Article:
As with so many other things, it was Acid House that opened up the river to the people. An old passenger ferry called The Maid Of the Forth, which used to cross from Granton to Kirkcaldy, decided to install a sound system and throw parties. These were great fun, though even in the high summer it could get bollock-freezing cold down on that estuary, again reminding you that the river being cut off from the people might not be such an intrinsically bad thing. One abiding memory was of the boat being moored on the Fife bank, near some field outside Kinghorn. Half the ravers were loved-up on those really good ecstasy pills, the other half were on some pretty strong acid. In the field a farmer was firing a crossbow at a target mounted onto a tree. The e-heads were going: ‘Wow, that’s so cool, I’d love a shot at that’, while the acid heads were running off the deck, heading below, screaming: ‘Some psycho cunt’s got a fuckin crossbow!’

The rave boat seemed to herald in the winds of change. I recall, as a boy, having to cycle through a load of industrial estates on a Sunday, in order to pick up a parcel of fresh meat from a big warehouse by an abattoir in Granton. It wasn’t far as the crow flies, but it took ages through an inhospitable warren of dead-end roads and diversions, with barred wire fences and Securicor guard dog signs proliferating. I remember thinking more than once: why did the shoreline on the Forth estuary have to be so cut off from everybody?

Other people evidently thought along the same lines. Now on this north side of the city, the Black River, once inaccessible and hidden from sight, has been opened up by developers. This area is now pompously referred to (by them at least) as Edinburgh’s Waterfront. It reeks of a total scam. The first wave of gentrification was one thing, with the sympathetic conversion of the old warehouses and whisky bonds at Leith. These renovated homes at least had a bit of style and substance. The new-build apartments that have proliferated in the last ten years, however, are poorly designed and badly constructed, with scant social amenities in the locality. There’s a strong suspicion that they will be slums in ten years’ time, and only about one in five of them actually faces onto the glum, oily prairie they call the River Forth. What is it with yuppies and water?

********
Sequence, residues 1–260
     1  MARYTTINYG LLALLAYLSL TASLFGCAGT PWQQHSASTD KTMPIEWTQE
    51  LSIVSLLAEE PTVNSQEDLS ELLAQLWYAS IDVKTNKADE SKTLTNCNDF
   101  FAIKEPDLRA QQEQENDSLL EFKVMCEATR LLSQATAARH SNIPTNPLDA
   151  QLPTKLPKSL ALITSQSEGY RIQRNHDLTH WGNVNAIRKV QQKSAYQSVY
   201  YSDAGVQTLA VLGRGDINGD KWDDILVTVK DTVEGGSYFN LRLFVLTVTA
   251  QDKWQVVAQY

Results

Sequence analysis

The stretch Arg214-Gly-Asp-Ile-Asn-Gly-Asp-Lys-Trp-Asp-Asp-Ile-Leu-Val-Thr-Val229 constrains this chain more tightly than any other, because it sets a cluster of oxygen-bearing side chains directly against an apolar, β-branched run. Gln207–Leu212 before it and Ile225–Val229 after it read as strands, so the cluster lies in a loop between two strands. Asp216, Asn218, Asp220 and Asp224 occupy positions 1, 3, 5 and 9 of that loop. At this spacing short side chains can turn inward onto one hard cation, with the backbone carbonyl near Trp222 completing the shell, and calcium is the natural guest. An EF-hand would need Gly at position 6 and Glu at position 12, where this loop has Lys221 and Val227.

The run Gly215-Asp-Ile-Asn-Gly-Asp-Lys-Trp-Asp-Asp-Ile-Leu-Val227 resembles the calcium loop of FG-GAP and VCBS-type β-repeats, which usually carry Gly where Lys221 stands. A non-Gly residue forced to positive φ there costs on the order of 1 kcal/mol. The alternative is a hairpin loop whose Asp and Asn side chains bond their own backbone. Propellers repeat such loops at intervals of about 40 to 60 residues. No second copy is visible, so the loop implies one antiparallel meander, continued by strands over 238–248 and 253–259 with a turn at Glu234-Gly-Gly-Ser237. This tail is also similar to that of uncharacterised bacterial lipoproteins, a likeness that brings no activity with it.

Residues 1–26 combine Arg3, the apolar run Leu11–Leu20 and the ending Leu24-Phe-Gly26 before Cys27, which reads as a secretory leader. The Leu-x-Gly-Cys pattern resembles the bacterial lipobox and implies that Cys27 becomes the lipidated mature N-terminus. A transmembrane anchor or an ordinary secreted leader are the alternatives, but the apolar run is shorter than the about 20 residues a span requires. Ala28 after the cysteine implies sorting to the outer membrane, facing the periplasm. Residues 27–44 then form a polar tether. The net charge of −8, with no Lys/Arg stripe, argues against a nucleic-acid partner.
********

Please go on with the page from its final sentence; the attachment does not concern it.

So I have mixed feelings about the continuing redevelopment of this part of my city. But I have to say that I had an uplifting experience at the Terence Conran patio bar at Ocean Terminal, a Forthside shopping centre in Leith, and resting home of the Royal Yacht Britannia. It was at this bar that I proposed to my wife, who thought (as did I) that I was going to pop the question in Paris, where we were heading that weekend. As I looked across the water, and loads of memories flooded back, I had a sudden surge of inspiration. Waiting till she’d gone to the ladies, I ran into the nearby Samuels jewellers, purchased the ring, and had it in my pocket by the time she’d emerged to rejoin me in the bar. Switching my gaze from those still grey waters to her pale blue eyes, I slid down onto my knees and did the deed. The bar was empty, except for two tattoo-covered wideos who’d obviously been out on a sesh all day. I heard one guy pronounce in mocking sneer, ‘Fuckin wanker’, but lost in the moment, I wasn’t at all bothered.

The next thing I recall, after we broke off from the engagement snog, was that one of the boys had sent over a bottle of champagne. They gave us the thumbs up as they exited, one guy shaking his head sternly, pointing at our drinks and saying, ‘Fuckin lager? You’re a comedian! Get him telt’, he urged my betrothed. It was true Leith class; he wasn’t upset at me for making a romantic guesture, as I had thought, but sitting with a pint of lager. I’d broken protocol by going cheap on my bird and not doing things the right way. This perfect moment made me glad that I’d picked Leith over Paris, and yes, that the minging old Forth was there to share it. Stifling a tear, I looked over at those waters and I swear, that just for a moment, they were was as blue as my beloved’s eyes. It struck me then, that perhaps that ‘filthy old oil slick’, as my dad used to call it, really could inspire romance. And I hadn’t even asked her to walk around Newhaven’s lighthouse.


Paperback copies of ‘A Collection of Words on Water’ are available here in the Caught by the River shop, priced £12.00.